5) “Remember, the old”
If you were already a fan of Psallos, then you would have immediately noticed the musical recapitulation to the Hebrews album, “The Angels’ Moment in the Sun” and “Wandered!” “Of course, it’s only a snippet, since the purpose of this track is to illustrate Jude’s examples of three apostasies from the past. On the album, you can hear the murmuring of the courtroom and the judge’s gavel, as he calls each witness.
6) “Waterless clouds”
The comparison is made here between the three “witnesses” of apostasy, and the ones whom threaten the readers. The track is titled to encapsulate the emptiness of these deceivers’ words.
7) “Give me the body of Moses!”
It’s not hard to imagine that Michael has had many contentious encounters with the devil throughout history. Regardless of what his intentions truly were, I can’t help but think of the audacity of the devil to insist that he take the body of Moses. The swing jazz feel matches what you sense in that exchange.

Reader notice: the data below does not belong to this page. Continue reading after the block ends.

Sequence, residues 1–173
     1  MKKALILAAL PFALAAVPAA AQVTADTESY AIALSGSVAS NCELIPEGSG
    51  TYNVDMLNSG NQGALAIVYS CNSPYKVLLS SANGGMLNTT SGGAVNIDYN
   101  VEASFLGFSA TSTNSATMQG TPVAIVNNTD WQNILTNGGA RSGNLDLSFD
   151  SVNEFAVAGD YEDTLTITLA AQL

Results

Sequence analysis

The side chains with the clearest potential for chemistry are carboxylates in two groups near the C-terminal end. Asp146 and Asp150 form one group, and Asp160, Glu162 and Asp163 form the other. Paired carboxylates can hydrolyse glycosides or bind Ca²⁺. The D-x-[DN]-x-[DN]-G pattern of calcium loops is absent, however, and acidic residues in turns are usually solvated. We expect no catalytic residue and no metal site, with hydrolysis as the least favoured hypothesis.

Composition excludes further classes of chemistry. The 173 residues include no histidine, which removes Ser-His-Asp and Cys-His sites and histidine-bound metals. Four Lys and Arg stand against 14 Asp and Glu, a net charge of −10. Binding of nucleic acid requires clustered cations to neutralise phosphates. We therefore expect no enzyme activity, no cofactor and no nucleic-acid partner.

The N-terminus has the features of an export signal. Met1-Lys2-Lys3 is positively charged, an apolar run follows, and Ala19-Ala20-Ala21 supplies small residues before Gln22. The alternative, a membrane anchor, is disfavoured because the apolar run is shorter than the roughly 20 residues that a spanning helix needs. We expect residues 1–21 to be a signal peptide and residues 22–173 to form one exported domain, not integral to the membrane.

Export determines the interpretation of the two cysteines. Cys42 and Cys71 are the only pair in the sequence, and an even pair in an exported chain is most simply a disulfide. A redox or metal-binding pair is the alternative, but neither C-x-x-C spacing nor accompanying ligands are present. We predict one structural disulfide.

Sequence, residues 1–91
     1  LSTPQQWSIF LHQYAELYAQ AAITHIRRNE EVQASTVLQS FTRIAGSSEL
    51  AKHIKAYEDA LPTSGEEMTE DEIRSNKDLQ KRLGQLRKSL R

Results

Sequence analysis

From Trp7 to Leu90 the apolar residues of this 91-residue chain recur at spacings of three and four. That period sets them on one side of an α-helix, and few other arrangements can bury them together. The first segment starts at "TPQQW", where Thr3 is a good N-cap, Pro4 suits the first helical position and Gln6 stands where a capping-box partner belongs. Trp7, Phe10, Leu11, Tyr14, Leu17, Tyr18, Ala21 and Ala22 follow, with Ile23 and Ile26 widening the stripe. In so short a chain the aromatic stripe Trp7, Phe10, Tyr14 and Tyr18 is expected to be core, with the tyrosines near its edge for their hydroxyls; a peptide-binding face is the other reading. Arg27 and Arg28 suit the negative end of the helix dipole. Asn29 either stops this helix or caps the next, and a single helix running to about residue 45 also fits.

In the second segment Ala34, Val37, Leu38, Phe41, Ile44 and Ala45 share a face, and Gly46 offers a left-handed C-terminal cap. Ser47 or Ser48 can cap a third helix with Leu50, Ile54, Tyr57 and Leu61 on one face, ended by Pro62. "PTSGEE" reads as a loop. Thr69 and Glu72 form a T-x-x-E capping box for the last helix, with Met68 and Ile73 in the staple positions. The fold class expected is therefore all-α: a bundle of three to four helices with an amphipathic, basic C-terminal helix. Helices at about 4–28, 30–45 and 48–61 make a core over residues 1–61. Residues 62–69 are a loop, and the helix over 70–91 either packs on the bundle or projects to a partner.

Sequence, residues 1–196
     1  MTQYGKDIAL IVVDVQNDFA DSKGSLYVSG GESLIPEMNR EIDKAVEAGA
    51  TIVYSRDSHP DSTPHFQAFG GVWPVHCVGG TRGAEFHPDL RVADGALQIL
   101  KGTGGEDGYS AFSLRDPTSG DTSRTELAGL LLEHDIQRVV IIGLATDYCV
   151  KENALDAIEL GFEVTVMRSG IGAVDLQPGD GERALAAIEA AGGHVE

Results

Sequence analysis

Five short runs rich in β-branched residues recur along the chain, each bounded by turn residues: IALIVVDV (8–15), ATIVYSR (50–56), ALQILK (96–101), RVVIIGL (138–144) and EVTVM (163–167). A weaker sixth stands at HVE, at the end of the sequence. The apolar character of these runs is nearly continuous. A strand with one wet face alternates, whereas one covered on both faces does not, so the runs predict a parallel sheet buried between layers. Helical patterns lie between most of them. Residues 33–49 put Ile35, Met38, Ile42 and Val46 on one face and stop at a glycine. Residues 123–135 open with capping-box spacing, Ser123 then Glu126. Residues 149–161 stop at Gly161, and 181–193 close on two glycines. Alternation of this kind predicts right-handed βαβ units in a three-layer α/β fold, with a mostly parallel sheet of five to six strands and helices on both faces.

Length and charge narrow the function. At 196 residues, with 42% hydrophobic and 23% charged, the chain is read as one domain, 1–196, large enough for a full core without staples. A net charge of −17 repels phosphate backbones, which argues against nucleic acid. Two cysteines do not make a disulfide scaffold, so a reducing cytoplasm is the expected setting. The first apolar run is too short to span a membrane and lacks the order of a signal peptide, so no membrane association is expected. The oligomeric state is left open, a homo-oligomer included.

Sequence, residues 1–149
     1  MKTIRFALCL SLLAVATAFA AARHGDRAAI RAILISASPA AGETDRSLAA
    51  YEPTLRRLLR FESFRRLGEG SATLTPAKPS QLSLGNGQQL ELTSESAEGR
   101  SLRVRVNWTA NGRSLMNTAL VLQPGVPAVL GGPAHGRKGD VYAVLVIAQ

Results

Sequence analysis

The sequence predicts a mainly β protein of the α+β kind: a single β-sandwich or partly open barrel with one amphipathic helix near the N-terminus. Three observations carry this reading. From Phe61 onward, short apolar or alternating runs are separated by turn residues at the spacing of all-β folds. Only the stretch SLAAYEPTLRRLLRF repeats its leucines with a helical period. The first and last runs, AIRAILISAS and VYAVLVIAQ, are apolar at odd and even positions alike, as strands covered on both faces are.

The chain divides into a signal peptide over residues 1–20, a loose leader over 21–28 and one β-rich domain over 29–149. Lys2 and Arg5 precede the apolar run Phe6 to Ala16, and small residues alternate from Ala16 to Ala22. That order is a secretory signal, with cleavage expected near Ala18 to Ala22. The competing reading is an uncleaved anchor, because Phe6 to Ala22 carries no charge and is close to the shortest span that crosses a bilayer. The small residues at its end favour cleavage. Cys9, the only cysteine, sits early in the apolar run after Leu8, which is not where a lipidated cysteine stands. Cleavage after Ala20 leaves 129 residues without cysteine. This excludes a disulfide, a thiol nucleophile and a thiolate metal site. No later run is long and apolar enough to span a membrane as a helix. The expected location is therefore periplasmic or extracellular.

8) “Fruitless trees”
Similar to track six, the deceivers’ lack of substance is in view here, this time accompanied by a haunting ballade.
9) “We cry, ‘Woe!'”
The driving lower register of the piano foreshadows the impending doom that Jude speaks of, again with three more evidences of apostasy, each with severe consequences. The theological and Scriptural understanding demonstrated in the lyrics is impressive and powerful. Nothing held back here musically or lyrically, in much the same way that Jude categorically denounces them in their apostasy.
The lyric is simply seven iterations of “lie” in total. Repeating the familiar melodic progression of track eight, it’s helpful to read verses 12-13 while listening, and ponder the grave nature of this threat.
11) “The Lord is gonna get ’em…”